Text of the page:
All GoPros come with built-in microphones. They do a serviceable job for casual use, but the sound quality of the on-board mics frankly isn't great. And one of the casualties of the newer design of a built-in waterproof casing is that the on-board sound quality isn't as good.
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You can find the deal at GoPro.com.
So if audio is important to the video footage you're shooting, you'll get much better results by using an external microphone.
There's a huge variety of external microphones available on the market. Some are better for recording speaking voices, others for music, and others for ambient sounds. So here's a rundown of some popular external mics to use with recent GoPros.
The lists below aren't by any means exhaustive, but they're a combination of ones that GoPro officially recommends as well as others that are known to work well.
Which GoPros Accept External Microphones
Not every GoPro is compatible with external microphones. Here's a quick roundup of the models that do accept external mics. And some models that are compatible with external mics have more compatibility than others; more on that below.
So before we get into the microphones themselves, here's a rundown of the GoPros that are compatible with external microphones:
- HERO7 Black
- HERO6 Black
- HERO5 Black
- HERO5 Session
- HERO4 Black / Silver
- HERO3+ Black
- HERO3 Black
And just to be clear about it, these GoPros will not accept external microphones:
- HERO7 Silver / White
- HERO (2018) / (2014)
- HERO4 Session
- HERO Session
GoPro Microphone Adapter
But first, you'll need a way to attach your microphone to the GoPro. The current and recent generations of GoPros don't have a dedicated audio input port, so you have to use the mini USB port (the GoPro HERO2 was the last one with a dedicated 3.5mm audio input).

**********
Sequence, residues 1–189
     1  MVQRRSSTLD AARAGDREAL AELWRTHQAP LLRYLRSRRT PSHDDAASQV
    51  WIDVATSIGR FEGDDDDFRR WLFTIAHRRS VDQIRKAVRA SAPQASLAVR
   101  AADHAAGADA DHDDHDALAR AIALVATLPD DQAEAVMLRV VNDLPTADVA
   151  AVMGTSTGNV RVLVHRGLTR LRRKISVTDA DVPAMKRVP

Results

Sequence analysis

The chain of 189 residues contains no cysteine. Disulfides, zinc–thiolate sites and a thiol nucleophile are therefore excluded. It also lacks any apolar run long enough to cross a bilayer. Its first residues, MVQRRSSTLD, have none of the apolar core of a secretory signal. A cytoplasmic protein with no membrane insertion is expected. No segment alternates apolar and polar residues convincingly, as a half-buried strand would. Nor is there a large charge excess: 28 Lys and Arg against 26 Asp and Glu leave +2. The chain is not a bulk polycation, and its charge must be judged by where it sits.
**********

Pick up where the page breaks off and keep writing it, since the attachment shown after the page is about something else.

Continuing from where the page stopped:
HERO7 Black, HERO6 Black, HERO5 Black, and HERO5 Sessionhere.
HERO4 Black / Silver
With the standard waterproof housing there's no way to access the mini USB port without taking the camera out of the housing. So you'll be wanting to either use the camera naked (that is, without a housing) or, more likely, use one of the alternative housings that allow access to the ports during use.
Using a housing means that you can still make use of the mounting systems that are attached to them. But these housings with cutouts, obviously, aren't waterproof or weatherproof. If you're up for a DIY project, it is possible to modify a waterproof housing to allow access to the mini USB port, but you run the risk of creating a leak that definitely isn't covered by the warranty. And most microphones aren't waterproof.
The most common approach is to go with the official GoPro skeleton housing. They're made of the same kind of plastic as the regular waterproof housing, so they provide a reasonable amount of protection, but they have cutouts to allow access to the ports (so they're obviously not waterproof). They also have cutouts in the back door. There are also third-party ones, like this one that do the same thing but are significantly cheaper.
There is also one new exception: a microphone that's also waterproof. It's the Sennheiser MKE 2 Elements; more on it below.
Lavalier Mics / Lapel Microphones for GoPro Cameras
Lavalier mics are also known as lapel microphones or tie-clip microphones (or lav mics). They're small, designed to be hands-free, and usually come with a clip to attach to clothing. They work best for voice at close range and aren't great for music or ambient sounds. In general, any lavalier mic should work with the GoPro so long as you have the appropriate adapter.